I may have mentioned once or twice previously that I won one of BrewDog's Beer Geek Awards last year. That bundle included Coffee & Cigarettes, a smoked imperial stout they created as a collaboration with Beavertown. It's dark and thick, as might be expected at 12.1% ABV, and begins and ends with masses of warming peaty Scotch whisky, complete with all the salt and iodine that goes into that profile. There's a dry and papery finish, with dark chocolate and lots of alcohol heat, but nothing specifically coffeeish. For all the one-dimensionality it's very tasty, though you really need to like peat flavours as this has damn all else to offer. It worked for me.

There were also a couple of Abstrakts in the box, and I began with another barrel-aged stout, AB22, a coffee and chocolate one, aged in Speyside casks and 12.5% ABV. The thickly waxed cap was a pain to get off, but at least came away cleanly. The beer all but walked out of the bottle, a leisurely gloop, like draining motor oil from an engine. Though it looked flat, a very dark brown head did form and bubbles on the side of the glass indicated the presence of some level of carbonation. It didn't smell great, mixing harsh sappy wood with sweet chocolate syrup. The flavour is surprisingly bitter, throwing out black liquorice first, then some lighter summer fruits and flowers: strawberry and rosewater. The texture, unsurprisingly, means it's only possible to sip it, and that allowed plenty of time to appreciate its flavours. Though it's not a subtle beer by any means, there is a light, almost honeyish, single-malt whisky taste, accompanied by a slight burn. A different sort of burn comes from the dark-roast coffee. The liquorice vapours reassert themselves at the end, forming the finish, one which is surprisingly short for a thumping beer like this. On balance I feel it lacked the smoothness and rounded warmth that stouts like this do best. Perhaps I should have aged it longer.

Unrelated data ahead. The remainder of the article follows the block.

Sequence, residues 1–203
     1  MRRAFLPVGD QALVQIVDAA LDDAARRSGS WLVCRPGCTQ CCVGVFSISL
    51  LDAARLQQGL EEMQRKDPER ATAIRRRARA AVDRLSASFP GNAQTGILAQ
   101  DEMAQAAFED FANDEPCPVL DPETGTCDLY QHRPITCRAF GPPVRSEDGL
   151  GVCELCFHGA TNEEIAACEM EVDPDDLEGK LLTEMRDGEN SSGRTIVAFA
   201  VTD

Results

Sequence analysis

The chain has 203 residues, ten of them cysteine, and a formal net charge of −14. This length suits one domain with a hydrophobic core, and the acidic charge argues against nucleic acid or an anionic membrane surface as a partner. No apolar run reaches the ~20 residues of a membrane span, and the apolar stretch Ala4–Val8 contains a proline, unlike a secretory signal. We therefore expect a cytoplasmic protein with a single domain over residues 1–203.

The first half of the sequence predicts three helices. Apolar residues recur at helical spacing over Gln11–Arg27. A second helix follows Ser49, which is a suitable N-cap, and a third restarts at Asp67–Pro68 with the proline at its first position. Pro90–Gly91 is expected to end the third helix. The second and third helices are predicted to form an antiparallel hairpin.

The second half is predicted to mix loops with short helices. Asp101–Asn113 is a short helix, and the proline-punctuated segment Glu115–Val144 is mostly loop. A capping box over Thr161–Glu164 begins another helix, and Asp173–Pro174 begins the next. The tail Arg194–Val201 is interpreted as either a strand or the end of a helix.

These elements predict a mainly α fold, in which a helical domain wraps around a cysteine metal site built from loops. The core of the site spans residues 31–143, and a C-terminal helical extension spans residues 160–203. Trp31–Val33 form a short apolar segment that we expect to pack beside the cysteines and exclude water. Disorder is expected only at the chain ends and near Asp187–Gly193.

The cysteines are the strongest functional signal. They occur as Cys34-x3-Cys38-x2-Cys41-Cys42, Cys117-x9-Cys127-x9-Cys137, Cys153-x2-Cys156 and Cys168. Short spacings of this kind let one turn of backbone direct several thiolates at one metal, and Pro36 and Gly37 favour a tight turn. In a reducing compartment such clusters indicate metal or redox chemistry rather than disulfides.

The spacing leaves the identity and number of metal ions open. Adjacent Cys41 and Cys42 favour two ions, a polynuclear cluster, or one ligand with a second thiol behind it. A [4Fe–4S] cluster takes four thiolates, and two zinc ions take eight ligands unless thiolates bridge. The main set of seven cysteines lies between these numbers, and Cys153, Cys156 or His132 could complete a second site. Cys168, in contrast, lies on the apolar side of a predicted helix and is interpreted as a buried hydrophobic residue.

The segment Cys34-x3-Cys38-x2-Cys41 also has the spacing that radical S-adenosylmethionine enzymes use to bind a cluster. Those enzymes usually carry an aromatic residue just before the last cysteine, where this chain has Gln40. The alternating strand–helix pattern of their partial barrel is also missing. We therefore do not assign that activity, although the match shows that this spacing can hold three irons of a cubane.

The second one is AB23, a bourbon-aged barley wine. It looks the part: a clear dark garnet shade. Bourbon is at the reins the whole way through, from the oaky vanilla aroma through to the vanilla-oak flavour. It's sweet, and light-bodied, giving it a real bourbon-and-cola feel. Any hopping that went on during the brewing process has been thoroughly buried under the woody whiskey; only a toffee candy remains. This is the nearest thing to an Innis & Gunn beer I've tasted from BrewDog. It has the same level of bold simplicity. I got through my glass no problem, but I was also glad not to have shelled out a chunk of money for something this basic. 23 beers in, I thought the Abstrakt series would be doing something more thrilling.

If there's a pattern it's that BrewDog does accessible medium-strength beer better than the more involved fancy stuff. Something to bear in mind when I'm choosing which ones to go for next.

No comments:

Post a Comment